The Association of British Insurers (ABI) determines which group each van is assigned to, and several factors help them decide which category to put them into.
First is the size and weight of the van. This has an impact on steering as heavier vehicles tend to be harder to drive. As a result, owners of bigger vans are usually charged higher premiums as they are considered a higher risk than small vans.
Second is the overall value of the vehicle. The more expensive the vehicle, the more it will cost to insure, for the simple reason that any claims are likely to be larger than for a cheaper vehicle.
The cost of repairs is also factored in, as cheaper models may not necessarily have spare parts that are easily replaceable. If they don’t then they will be assigned to one of the higher van insurance groups in order to reflect the larger expenses insurers could face in the event of a claim.
The ABI also look into how likely it is that the van will be stolen. A vehicle with a higher security level due to features such as immobilisers and alarms will be assigned to one of the lower van insurance groups than one without security measure in place, so this is worth considering when purchasing a van.
The impact of van insurance groups
Motorists who are considered to be high risk; such as young drivers or those with convictions should opt for a van in the lowest van insurance groups possible if they are concerned that they will not be able to afford cover.
But remember that vehicle size and performance (both speed and fuel economy) will need to be taken into account as well; especially for businesses. Visit the Thatcham site to find out what group any van you are considering has been classed in.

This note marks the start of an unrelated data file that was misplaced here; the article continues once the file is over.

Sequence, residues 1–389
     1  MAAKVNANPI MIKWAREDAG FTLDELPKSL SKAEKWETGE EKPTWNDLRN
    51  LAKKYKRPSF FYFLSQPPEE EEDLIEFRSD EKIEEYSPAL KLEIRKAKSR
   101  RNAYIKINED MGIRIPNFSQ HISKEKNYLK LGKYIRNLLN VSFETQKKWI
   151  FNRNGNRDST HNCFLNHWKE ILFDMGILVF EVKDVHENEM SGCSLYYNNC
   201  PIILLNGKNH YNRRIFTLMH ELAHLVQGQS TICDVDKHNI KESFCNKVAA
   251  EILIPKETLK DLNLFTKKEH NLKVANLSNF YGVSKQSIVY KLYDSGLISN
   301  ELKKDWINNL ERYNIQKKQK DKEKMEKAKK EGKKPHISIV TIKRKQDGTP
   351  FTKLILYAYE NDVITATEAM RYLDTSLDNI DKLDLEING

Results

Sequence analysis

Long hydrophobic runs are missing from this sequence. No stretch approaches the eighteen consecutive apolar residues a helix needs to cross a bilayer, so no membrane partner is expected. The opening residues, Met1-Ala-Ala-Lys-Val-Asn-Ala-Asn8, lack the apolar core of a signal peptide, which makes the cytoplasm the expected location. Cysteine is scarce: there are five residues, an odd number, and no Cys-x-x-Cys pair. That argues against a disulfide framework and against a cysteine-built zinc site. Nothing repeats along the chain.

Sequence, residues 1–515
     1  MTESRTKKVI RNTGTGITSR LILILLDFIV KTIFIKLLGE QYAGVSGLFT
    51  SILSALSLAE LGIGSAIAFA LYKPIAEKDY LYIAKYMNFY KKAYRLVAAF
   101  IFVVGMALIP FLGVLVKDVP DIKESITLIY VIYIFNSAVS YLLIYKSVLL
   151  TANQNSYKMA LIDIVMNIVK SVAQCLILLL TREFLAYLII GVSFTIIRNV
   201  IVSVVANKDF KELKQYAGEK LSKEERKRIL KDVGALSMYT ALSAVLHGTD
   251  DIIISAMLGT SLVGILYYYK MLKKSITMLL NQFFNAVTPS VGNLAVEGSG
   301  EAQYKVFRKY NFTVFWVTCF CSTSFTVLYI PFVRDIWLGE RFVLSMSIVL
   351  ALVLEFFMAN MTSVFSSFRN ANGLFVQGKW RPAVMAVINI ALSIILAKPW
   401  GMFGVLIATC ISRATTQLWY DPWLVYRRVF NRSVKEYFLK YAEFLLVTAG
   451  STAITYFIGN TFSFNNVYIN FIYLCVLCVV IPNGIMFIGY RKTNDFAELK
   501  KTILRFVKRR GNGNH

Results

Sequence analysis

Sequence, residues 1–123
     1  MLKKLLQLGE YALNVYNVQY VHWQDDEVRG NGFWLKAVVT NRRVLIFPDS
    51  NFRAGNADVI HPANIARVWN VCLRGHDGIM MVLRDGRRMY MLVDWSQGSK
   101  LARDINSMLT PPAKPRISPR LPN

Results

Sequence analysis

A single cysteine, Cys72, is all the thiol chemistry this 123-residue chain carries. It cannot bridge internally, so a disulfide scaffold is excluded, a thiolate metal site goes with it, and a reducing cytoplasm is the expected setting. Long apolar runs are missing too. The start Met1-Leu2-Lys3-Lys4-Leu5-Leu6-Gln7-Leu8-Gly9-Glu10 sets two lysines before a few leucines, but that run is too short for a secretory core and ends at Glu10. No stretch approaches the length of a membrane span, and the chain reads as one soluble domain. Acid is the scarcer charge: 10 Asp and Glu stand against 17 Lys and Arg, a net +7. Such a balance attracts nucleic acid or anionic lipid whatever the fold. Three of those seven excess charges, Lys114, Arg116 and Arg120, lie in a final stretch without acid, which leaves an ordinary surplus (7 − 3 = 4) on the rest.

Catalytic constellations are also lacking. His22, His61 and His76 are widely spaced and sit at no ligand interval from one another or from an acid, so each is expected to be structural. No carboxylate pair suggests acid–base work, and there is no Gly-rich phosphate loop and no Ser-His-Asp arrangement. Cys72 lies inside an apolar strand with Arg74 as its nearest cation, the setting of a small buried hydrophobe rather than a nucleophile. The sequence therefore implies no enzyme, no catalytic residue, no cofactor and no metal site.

How do you plan to use your van?
How you use your van will have a huge impact on your insurance cover. If you are using it to carry your own things around – for example, you are a plumber and carry your tools in the back, then you should choose ‘carriage of own goods’ cover. If, however, you are using the van to transport other people’s goods for payments, and are effectively a delivery driver, then this type of cover is known as ‘haulage’ or ‘hire and reward’ cover.
Finally, you may plan to use your van for Social Domestic and Pleasure only. This type of insurance cover is most suitable for home-based drivers who use a van for everyday needs such as driving friends and family around.
Make sure you choose the right cover to suit your needs, as if you are discovered using your van for a purpose other than the one you stated on your insurance policy, your cover may be invalidated.
Other factors that influence premiums
There are several other factors that can have an impact on premiums. For example, where you plan to park your van is vital information for the insurer. If you are able to park your vehicle in a garage overnight, where it is more secure you will usually be offered cheaper quotes than if it is parked by the side of the road.
Having modifications made to your van can also bump up the cost of premiums, as repairs are likely to be more expensive in the event of an accident.
You can reduce your van insurance premiums by opting to pay a larger excess – the portion of any insurance claim which you must pay yourself. Remember, however, that you should always set it at a level you can afford, otherwise you might not be able to make a claim at all.